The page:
A Cure for Alzheimer’s is Not Possible Without You

There are many open, important clinical trials in Tennessee right now targeting Alzheimer’s disease and related conditions.

It’s been 18 months since Nashville legend Glen Campbell died after a long battle with Alzheimer’s disease. Glen and his family bravely shared his heartbreaking journey in the hope of inspiring better care and research for the disease, for which there is no known cure. Glen even sang about it: “I’m never gonna know what you go through, all the things I say or do, all the hurt and all the pain.” 

Alzheimer’s disease kills more Americans each year than breast cancer and prostate cancer combined, yet we do not have an effective treatment for preventing its onset or arresting its progression. More than 120,000 Tennesseans and 5.5 million Americans over the age of 65 have Alzheimer’s disease, numbers that are expected to keep rising as the population ages.  

Experts agree that if a treatment that delays the onset of Alzheimer’s disease by five years was available by 2025, then by 2030 there would be 2.4 million fewer Americans affected, and we would save $83 billion in annual health care costs. This goal is within our reach.  

The research at Vanderbilt is all encompassing

There are more than 130 therapeutic clinical trials underway representing potentially effective treatments. The only way we will know for sure if a treatment will work is to conduct clinical studies as safely and quickly as possible. But the greatest challenge we face is a shortage of volunteers to participate in these studies. Nearly 90 percent of Alzheimer’s clinical trials are seriously delayed because there aren’t enough volunteers. 

The Vanderbilt Center for Cognitive Medicine is part of the Global Alzheimer’s Platform Foundation (GAP), a network of more than 70 leading research sites dedicated to expediting critical therapeutic trials. The Center for Cognitive Medicine’s approach to conducting research is comprehensive.

Vanderbilt’s research enterprise spans all phases of developing treatments for Alzheimer’s disease — from new drug discovery and early-stage development in the lab to moving promising new drugs to first-in-human studies to large-scale national clinical studies.

The center studies the natural progression of memory loss in normal and abnormal aging, to design new treatments and to discover new uses for existing treatments. It also uses advanced imaging techniques to “see” into the brain to evaluate how novel treatments actually change brain structure and function.

Finally, Vanderbilt uses smart devices to test treatment effects on mental abilities in real-world settings. Get the Tennessee Voices newsletter in your inbox.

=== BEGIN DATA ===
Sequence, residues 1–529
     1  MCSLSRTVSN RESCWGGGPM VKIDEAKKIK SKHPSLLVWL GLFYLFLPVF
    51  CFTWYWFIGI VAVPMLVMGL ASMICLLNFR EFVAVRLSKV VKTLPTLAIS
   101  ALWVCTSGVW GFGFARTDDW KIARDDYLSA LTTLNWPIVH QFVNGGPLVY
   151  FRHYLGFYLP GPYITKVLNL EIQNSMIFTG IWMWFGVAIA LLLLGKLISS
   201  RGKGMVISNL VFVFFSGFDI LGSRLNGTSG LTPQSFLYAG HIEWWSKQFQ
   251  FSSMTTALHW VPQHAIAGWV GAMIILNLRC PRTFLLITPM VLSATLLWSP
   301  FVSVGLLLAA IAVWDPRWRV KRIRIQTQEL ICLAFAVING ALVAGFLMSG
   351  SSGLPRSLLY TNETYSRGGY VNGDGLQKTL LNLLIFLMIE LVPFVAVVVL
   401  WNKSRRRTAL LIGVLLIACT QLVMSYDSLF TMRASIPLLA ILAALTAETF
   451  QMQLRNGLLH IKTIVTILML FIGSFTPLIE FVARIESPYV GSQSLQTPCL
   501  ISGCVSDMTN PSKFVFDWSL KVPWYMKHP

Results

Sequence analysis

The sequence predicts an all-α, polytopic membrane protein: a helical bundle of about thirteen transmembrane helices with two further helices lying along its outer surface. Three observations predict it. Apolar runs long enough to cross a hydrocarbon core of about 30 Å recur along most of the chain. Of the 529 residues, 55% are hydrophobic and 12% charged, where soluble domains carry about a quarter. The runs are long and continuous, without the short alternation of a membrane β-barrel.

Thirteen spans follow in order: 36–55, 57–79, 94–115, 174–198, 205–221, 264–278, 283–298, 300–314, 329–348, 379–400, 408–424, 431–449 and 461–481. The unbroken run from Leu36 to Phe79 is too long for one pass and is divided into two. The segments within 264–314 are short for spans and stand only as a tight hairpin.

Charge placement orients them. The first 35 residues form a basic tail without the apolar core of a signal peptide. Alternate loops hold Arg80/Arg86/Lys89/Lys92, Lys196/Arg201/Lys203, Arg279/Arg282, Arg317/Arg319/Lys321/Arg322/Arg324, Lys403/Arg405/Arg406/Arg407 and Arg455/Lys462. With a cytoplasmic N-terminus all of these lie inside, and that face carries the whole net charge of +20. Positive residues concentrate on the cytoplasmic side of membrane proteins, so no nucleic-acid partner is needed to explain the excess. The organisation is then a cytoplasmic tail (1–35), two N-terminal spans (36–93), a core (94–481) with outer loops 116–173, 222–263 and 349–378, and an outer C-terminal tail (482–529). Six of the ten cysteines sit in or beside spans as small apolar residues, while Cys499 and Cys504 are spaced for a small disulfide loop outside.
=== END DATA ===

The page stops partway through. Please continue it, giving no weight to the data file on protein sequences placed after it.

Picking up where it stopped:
How you can help researchers

Scientists from Vanderbilt are among the 150 researchers from GAP sites across the continent gathering in our city this week to discuss their progress toward finding a cure and strategies that are improving recruiting, the volunteer’s experience and catalyzing the research process.

Holding this important meeting in Nashville makes a lot of sense.  What better place to design enhanced ways for people to participate in critical trials than the Volunteer State and in a city that is a famous center of innovation in life sciences, medical research and health services? 

But researchers can’t solve the Alzheimer’s disease puzzle alone. We need your help. There are many open, important clinical trials in Tennessee right now targeting Alzheimer’s disease and related conditions such as the mild memory loss that often precedes Alzheimer’s, so-called mild cognitive impairment. 

If you are concerned about your or your loved one’s memory or Alzheimer’s disease, visit www.vumc.org/ccm/ or call 615-875-0955 to learn more about clinical studies and trials at the Vanderbilt Center for Cognitive Medicine that are free to the volunteer. Clinical trials are a partnership between you (the volunteer), your family and the researcher, and you are in the driver’s seat.

Your participation could be the key to finding treatments that relieve the suffering of millions of Americans and improve the quality of life for all of us as we age.  

Dr. Paul Newhouse is the director of the Center for Cognitive Medicine in the Department of Psychiatry at Vanderbilt University Medical Center. John Dwyer Jr., a Nashville native, is the president of the Global Alzheimer’s Platform Foundation, the leading nonprofit working to make Alzheimer’s clinical trials faster, more efficient and more effective. 

Originally posted on Tennessean.com on February 26, 2019.

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